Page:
The findings of this study indicate that obesity has a significant negative impact on back and core muscular endurance in firefighters, regardless of which measure of obesity is assessed. Similar trends were observed for the relationships between all markers of obesity (BMI, body fat percentage, or fat mass/fat-free body mass) assessed in this study and back and core muscular endurance.
Several factors may explain the poorer back and muscular endurance times in obese firefighters. First, the biomechanical strategies required for the muscular endurance tests used in this study are likely impacted by body mass. The Modified Biering Sorensen and the Plank tests depend on gravity's action on body mass for the entire load and the ability to support body mass against gravity for an extended period of time. Thus, individuals with high BMI values are likely at a biomechanical disadvantage during these tests given the higher body loads that need to be supported against gravity. It is unclear if the same relationship between BMI and back and core muscular endurance exists when testing strategies are used that are not dependent on gravity's effect on body mass and exercise load. The lack of significant relationships between fat-free mass and muscular endurance measures in the bivariable and multivariable regression models may indicate that overall body mass may play a larger role than muscle mass in back and core muscular endurance performance testing. Other conceivable explanations for the poorer muscular endurance times in obese firefighters include possible differences between obese and nonobese individuals in physiology and morphology of the back and core muscles, general fitness levels, perceived exertion levels on fitness tests, and familiarity with physical fitness exercise, along with a possible negative influence of other comorbidities associated with obesity.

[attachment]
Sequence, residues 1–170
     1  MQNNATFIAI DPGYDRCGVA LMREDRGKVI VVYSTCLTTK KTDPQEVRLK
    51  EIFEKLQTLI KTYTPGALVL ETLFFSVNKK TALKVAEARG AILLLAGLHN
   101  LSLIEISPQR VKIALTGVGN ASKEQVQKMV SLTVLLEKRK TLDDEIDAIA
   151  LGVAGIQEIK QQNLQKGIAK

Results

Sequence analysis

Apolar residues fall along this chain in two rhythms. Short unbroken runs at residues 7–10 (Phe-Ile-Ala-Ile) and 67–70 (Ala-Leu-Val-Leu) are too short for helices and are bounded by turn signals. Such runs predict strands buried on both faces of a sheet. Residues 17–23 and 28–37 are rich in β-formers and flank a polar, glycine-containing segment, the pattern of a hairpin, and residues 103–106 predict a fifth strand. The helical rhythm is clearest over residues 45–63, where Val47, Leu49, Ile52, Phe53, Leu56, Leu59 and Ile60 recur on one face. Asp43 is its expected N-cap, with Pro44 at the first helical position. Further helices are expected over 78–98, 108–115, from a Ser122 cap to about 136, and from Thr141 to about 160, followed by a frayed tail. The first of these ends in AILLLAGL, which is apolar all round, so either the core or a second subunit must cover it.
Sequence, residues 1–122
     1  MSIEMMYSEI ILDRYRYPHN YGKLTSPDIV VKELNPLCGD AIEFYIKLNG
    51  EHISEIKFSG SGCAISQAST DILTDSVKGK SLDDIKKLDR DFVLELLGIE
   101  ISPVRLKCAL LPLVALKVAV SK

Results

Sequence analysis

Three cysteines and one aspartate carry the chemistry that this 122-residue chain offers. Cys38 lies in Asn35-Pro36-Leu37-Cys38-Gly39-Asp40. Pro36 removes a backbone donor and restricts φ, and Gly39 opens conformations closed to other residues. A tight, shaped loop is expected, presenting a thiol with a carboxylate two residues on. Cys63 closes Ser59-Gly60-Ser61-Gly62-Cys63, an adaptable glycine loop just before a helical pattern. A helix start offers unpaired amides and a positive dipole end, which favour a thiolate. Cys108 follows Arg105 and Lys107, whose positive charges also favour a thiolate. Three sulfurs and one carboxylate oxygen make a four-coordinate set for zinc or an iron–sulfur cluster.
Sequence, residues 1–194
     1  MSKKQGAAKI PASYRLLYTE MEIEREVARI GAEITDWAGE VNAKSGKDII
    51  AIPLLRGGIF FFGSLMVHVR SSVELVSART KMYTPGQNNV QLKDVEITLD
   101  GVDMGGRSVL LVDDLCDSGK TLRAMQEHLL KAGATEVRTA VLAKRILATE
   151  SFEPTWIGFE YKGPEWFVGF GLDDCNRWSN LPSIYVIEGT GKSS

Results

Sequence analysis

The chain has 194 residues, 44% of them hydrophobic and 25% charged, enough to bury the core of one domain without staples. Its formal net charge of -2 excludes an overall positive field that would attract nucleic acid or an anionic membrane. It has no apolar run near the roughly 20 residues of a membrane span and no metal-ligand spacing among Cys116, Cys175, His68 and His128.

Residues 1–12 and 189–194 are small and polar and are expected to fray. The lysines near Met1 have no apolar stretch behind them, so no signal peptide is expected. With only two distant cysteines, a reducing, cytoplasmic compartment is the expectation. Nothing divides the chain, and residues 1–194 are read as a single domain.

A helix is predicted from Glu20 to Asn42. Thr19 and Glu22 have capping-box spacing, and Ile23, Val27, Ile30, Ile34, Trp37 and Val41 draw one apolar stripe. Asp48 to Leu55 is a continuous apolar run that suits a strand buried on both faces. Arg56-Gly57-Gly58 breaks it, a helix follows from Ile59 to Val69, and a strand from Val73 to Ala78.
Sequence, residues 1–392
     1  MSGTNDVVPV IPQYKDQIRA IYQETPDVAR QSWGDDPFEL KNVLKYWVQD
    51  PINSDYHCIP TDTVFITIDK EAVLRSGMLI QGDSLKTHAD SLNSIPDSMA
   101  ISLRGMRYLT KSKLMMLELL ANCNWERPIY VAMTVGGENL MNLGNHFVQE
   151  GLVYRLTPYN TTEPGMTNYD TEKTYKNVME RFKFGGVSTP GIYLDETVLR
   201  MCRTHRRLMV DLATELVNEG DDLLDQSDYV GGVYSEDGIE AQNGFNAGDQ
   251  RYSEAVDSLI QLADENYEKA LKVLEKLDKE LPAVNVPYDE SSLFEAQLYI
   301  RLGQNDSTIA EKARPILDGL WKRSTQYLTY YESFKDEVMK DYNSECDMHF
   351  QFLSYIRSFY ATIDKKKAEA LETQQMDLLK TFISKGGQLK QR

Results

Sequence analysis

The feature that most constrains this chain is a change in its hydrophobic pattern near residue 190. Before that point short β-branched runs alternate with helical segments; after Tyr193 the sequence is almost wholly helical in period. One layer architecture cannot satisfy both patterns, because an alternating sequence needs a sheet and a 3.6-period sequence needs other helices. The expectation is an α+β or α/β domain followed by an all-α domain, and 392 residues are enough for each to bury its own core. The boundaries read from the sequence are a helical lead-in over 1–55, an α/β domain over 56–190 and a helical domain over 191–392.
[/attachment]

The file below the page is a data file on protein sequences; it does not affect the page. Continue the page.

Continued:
Considering that the multivariable regression models for back and core muscular endurance accounted for only 16–19% and 29–37% of the variance, respectively, these models do not account for a large portion of the variance in back and core muscular endurance. Therefore, other factors that were not measured in this study may be involved in performance on the muscular endurance tests. Also, because the total portion of variance accounted for in the models was low, back and core muscular endurance should be directly assessed and should not be predicted from age, self-reported amount of any physical exercise per week, and measures of obesity.
The present study's findings on the relationship of body composition and back muscular endurance in firefighters appear to be similar to the relationships observed in the general population. We uncovered four previous studies that assessed relationships between back muscular endurance (as assessed by some version of the Biering Sorensen test) and body composition in the general population [6
]. In three of these four studies [6
], significant moderate negative correlations between measures of body composition (BMI and body fat percentage) and back muscular endurance were observed.
In the present study, BMI and body fat percentage were elevated in a large proportion of participants, indicating a high prevalence of overweight or obese firefighters in this study. In the current study, 29% of the firefighters were obese according to BMI, and 42% of firefighters were obese according to body fat percentage. These findings are consistent with previous studies of obesity in firefighters which reported that approximately 34% of firefighters are obese according to BMI [3